We Discuss the Importance of Excellent Social Skills As a Person Who Is Blind or Visually Impaired, But What if We’re Quiet? (Hint: Quiet Is Highly Valuable)

Older woman reading at desk with light and magnifier

Who else loves Ted Talks? I suppose listening to them is a hobby for me. Now, having recently read Quiet: The Power of Introverts in a World That Can’t Stop Talking by Susan Cain, I was eager to watch her Ted Talk: The Power of Introverts.

In her book and Ted Talk she explains that Americans (unfortunately) tend to praise and value extroverts over introverts. I agree; we esteem animated, charming, and boisterous people. In my opinion, we do this so much so that we think we need to train ourselves to become like this, to become entertaining and more vocal. We often think there’s something wrong with us if we are quiet, or if we prefer to work independently or if we want to spend Friday night inside (and curled up with a good book, or is that just me?).

With all my recent talk of group success and the importance of attending work-related social functions, I wanted to clarify: Group success is, in my opinion, ideal for the social health of organizations. However, I don’t mean that all work should be done in a shared space through talking and crowd-brainstorming (Yep, made up that word). Likewise, having excellent social skills doesn’t imply we are always conversing and accepting every social invite.

Furthermore, leadership, creativity and job success are congruent with both extroverts and introverts; In fact, Cain suggests the natural quiet space introverts enjoy gives them an edge. Whether you are an introvert who prefers a good chunk of quiet time, an extrovert who prefers a good chunk of communal time, or an ambivert like me who prefers an even amount of quiet and communal, you’re great. While everyone needs to learn how to be respectful, kind and empathic, you don’t need to change your make-up. In fact, please don’t. The world and world of work needs you.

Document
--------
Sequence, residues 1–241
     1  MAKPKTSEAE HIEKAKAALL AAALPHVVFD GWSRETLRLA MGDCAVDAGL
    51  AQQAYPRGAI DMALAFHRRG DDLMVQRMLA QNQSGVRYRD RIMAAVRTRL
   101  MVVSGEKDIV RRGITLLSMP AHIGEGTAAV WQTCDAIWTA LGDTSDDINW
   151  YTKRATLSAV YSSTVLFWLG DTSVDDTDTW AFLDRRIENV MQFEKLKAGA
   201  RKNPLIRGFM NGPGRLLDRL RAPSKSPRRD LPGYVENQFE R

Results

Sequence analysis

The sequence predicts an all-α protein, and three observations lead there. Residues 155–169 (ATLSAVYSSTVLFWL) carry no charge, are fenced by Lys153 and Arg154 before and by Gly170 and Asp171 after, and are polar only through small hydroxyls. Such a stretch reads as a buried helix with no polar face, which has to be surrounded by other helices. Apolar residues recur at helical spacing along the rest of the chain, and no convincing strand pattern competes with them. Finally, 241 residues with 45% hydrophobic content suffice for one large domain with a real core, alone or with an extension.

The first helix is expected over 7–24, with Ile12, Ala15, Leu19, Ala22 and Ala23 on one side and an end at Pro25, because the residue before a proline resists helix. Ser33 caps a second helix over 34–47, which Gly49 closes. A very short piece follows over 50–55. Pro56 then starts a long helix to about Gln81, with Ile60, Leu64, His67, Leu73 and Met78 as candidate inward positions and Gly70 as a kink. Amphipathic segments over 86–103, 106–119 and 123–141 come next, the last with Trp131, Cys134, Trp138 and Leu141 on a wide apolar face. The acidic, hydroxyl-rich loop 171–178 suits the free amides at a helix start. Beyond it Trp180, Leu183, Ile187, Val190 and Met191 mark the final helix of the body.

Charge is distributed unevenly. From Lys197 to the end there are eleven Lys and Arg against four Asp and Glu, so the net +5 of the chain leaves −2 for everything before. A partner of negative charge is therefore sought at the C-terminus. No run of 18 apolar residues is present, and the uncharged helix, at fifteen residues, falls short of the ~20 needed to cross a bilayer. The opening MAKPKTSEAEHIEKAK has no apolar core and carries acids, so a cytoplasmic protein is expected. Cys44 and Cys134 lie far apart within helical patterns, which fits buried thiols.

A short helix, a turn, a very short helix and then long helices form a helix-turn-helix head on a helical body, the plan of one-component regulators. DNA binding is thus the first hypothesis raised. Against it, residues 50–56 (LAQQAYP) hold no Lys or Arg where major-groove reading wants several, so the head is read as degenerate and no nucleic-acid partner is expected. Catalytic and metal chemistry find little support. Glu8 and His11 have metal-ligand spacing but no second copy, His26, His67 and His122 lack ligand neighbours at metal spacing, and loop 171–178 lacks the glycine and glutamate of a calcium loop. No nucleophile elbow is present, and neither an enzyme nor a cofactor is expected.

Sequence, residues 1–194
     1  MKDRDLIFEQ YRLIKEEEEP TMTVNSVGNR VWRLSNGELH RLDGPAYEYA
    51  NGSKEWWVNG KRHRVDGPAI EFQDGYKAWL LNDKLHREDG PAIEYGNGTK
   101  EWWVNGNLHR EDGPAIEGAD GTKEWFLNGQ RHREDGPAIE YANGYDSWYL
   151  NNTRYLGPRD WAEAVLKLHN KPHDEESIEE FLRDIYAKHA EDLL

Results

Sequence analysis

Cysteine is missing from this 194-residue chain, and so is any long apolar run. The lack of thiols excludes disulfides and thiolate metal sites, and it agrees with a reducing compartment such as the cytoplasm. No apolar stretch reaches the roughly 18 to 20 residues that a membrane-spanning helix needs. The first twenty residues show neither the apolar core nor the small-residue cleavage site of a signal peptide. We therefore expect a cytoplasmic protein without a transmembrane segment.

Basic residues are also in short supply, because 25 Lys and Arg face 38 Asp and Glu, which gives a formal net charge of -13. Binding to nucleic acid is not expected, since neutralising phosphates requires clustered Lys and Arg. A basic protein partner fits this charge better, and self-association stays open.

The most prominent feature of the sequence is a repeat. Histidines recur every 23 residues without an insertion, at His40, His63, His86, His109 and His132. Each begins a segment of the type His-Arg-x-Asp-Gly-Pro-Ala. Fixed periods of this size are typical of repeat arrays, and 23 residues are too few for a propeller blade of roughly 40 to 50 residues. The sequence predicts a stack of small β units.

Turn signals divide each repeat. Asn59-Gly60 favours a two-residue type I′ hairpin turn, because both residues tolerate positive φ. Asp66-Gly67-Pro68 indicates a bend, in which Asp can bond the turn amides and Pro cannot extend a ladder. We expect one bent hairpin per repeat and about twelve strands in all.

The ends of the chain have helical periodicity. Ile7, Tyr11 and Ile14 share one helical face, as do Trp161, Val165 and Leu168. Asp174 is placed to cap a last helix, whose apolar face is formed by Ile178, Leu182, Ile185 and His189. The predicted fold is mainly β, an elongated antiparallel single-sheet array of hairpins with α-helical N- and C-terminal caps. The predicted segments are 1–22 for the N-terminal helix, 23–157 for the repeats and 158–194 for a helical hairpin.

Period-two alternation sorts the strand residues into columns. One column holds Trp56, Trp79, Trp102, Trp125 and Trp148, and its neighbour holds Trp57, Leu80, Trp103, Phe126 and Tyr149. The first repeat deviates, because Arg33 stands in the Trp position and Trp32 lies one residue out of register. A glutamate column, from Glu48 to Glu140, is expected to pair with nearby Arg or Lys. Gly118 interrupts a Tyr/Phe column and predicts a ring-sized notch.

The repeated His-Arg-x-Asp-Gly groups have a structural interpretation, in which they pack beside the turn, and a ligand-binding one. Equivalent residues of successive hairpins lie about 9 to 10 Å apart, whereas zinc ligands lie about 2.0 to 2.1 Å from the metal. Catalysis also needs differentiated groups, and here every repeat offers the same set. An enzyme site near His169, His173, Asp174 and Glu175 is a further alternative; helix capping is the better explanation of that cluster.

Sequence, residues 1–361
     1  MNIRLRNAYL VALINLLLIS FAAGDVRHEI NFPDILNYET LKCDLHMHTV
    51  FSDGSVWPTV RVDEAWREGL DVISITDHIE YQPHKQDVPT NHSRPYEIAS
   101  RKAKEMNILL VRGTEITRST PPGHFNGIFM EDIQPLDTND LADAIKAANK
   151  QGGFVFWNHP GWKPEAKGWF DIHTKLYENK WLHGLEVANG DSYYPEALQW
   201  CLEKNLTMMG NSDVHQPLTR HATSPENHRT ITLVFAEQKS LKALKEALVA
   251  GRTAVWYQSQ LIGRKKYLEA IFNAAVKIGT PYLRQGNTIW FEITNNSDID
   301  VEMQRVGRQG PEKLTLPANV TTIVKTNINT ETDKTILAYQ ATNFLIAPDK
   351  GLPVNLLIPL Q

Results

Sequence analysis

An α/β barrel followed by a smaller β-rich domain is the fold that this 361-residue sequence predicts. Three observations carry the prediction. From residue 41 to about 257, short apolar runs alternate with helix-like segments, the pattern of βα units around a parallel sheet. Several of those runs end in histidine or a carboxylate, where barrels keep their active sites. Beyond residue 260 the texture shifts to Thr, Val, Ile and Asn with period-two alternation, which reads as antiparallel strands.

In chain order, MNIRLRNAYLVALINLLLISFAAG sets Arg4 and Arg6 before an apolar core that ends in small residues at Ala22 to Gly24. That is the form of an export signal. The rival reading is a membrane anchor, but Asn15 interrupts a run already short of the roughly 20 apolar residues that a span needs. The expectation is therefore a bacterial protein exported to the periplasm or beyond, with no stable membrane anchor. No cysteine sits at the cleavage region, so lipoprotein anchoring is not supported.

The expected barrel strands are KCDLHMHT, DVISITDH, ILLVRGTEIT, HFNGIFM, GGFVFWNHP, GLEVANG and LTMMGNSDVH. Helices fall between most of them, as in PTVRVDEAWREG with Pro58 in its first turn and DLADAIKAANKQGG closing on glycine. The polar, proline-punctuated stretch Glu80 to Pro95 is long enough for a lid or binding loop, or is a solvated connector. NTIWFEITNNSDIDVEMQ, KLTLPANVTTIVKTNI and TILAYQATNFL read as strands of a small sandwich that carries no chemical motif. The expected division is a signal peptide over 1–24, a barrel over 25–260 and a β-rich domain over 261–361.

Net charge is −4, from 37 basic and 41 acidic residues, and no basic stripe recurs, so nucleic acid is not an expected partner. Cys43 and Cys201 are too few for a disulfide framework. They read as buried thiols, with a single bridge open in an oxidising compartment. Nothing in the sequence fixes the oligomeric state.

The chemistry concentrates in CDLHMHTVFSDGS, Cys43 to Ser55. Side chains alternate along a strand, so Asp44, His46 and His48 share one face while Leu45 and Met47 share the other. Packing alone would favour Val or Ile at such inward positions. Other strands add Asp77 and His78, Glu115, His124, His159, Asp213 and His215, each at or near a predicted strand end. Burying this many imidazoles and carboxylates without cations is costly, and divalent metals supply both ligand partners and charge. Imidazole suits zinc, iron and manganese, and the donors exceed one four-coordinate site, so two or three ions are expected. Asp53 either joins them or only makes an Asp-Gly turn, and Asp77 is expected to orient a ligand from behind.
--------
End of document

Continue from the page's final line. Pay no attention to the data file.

Susan Cain suggests:

  1. “Stop the madness for constant group work.” In other words, independent work is good.
  2. “Go to the wilderness.” Everyone needs alone time to think and brainstorm and work by themselves.
  3. “Occasionally open up your suitcases for other people to see. The world needs you and it needs the things you carry.” This is directed to introverts. It’s great to be quiet and it’s also great to open up to people and show your story, interests and contributions.

I’ll wrap up with my thoughts, as Susan wrapped up with her aforementioned suggestions in her Ted Talk:

  1. There is nothing wrong with you if you are quiet. I like quiet (my husband is quiet) and good work happens when we’re quiet.
  2. Both quiet and talkative people benefit from learning how to connect with others effectively. This is especially true for people who have been blind or visually impaired from birth or a young age because it helps to know how to effectively use body language.
  3. Both quiet and talkative people can learn to be assertive, sharing their preferences, interests, needs, skills, and aptitudes.

Extroverts, introverts and ambiverts: you’re great.